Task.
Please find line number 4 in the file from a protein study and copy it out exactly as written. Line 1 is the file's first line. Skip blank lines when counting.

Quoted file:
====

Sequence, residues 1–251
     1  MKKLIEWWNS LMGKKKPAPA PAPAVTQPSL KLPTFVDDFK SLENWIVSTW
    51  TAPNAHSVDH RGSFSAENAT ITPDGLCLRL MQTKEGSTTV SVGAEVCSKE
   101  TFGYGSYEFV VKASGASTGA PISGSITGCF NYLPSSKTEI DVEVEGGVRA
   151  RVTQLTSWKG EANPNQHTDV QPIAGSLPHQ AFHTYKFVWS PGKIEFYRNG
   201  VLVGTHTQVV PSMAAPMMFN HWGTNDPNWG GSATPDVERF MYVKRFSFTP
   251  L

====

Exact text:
   101  TFGYGSYEFV VKASGASTGA PISGSITGCF NYLPSSKTEI DVEVEGGVRA